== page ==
Haiku usually combine two (or rarely, three) different phrases, with a distinct grammatical break (kireji). These elements of the older hokku are considered by many to be essential to haiku as well, although they are not always included by modern writers of Japanese "free-form haiku" and of non-Japanese haiku. Japanese haiku are typically written as a single line, while English language haiku are traditionally separated into three lines (source: Wikipedia).
The digital world is sometime called as being soulless -- a charge that is borne out by on-screen error messages like "abort/retry/fail?" and "404 -- file not found."
It's already been a few years ago that there was a modest attempt at change: an error message in the form of a haiku poem. Readers were invited to submit up to three error messages written as haiku poems. The haiku is a three-line poem in the 5/7/5 form (first line 5 syllables, second line 7, third line 5). One of my personal favorites is the next one, submitted by Peter Rothman:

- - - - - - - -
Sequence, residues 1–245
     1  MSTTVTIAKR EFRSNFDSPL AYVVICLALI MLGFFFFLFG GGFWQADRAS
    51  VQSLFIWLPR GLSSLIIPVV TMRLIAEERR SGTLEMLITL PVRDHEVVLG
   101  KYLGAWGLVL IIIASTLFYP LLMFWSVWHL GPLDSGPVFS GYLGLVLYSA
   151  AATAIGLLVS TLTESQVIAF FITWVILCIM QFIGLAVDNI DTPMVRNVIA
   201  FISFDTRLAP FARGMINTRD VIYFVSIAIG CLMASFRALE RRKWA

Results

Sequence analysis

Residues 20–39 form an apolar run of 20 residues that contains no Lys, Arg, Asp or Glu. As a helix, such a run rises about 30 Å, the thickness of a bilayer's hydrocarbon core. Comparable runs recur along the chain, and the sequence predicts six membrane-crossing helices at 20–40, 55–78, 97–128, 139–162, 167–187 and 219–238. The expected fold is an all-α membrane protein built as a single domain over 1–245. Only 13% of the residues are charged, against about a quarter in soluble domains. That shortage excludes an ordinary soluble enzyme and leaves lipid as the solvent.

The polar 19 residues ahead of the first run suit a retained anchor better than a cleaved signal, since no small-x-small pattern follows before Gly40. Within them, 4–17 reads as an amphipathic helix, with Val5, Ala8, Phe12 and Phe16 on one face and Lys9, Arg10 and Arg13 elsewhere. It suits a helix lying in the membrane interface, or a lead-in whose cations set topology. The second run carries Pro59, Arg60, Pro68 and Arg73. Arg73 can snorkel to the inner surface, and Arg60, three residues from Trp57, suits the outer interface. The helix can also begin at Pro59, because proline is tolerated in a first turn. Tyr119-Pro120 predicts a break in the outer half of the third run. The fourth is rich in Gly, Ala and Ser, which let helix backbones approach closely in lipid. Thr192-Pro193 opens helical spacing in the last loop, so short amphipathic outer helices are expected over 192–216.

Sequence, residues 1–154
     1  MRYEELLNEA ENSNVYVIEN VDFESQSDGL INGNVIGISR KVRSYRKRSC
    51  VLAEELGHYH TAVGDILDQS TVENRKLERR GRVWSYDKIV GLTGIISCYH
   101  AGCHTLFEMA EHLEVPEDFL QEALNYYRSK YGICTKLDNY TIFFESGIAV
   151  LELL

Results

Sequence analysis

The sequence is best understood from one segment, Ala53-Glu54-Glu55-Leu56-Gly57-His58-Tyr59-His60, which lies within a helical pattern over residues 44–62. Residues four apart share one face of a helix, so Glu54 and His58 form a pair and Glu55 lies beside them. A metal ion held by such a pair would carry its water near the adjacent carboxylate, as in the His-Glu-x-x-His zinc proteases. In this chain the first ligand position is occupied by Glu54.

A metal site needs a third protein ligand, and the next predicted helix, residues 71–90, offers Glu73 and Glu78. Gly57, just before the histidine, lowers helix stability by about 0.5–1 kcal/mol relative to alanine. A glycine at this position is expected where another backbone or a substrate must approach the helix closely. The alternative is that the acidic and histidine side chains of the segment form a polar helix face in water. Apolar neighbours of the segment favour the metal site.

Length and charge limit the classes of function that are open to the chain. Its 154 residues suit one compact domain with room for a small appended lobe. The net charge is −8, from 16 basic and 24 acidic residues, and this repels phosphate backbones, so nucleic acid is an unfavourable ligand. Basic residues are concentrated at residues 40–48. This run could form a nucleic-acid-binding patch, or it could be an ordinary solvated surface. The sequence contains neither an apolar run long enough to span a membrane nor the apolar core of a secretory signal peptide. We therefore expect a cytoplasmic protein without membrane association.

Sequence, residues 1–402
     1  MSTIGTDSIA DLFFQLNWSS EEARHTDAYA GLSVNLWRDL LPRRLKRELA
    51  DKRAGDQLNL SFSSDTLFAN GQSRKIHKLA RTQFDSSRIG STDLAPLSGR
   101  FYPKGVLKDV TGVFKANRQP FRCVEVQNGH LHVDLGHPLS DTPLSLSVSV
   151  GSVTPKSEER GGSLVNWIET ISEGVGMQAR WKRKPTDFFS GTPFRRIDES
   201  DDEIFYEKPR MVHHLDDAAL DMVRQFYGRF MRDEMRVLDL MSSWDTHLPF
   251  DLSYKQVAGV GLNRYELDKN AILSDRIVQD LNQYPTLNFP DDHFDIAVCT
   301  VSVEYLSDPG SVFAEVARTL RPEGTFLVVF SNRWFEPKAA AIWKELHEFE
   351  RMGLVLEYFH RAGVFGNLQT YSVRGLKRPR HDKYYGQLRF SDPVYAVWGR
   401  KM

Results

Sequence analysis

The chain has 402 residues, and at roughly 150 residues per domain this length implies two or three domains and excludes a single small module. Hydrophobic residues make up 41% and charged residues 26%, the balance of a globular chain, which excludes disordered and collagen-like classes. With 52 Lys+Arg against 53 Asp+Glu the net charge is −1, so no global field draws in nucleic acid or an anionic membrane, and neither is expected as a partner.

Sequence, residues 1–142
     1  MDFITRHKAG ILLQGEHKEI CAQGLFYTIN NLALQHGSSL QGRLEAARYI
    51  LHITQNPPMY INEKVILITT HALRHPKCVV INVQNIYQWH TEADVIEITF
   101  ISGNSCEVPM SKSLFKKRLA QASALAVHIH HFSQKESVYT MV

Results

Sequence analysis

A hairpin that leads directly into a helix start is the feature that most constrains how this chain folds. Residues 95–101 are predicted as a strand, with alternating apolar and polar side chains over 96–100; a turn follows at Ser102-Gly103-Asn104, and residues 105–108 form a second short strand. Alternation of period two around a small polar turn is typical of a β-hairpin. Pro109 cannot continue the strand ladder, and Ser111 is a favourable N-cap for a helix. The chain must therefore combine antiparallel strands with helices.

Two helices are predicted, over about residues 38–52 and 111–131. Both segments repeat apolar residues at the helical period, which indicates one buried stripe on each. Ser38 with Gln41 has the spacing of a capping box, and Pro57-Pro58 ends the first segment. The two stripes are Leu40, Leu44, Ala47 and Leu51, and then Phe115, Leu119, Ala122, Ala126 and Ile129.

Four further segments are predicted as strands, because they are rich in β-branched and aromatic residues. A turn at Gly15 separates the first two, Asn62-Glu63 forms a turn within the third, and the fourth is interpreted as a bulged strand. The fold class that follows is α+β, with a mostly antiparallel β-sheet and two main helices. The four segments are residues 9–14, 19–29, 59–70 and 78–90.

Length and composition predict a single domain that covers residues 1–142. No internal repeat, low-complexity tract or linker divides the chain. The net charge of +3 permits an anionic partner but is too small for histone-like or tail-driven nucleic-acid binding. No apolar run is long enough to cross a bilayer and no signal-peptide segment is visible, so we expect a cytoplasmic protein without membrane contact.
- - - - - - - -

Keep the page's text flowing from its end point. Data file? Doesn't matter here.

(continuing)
Windows NT crashed.
I am the Blue Screen of Death.
No one hears your screams.
Probably not a Microsoft fan;-)
More Haiku error messages? Click here: http://archive.salon.com/21st/chal/1998/02/10chal2.html
You want to see some pictures?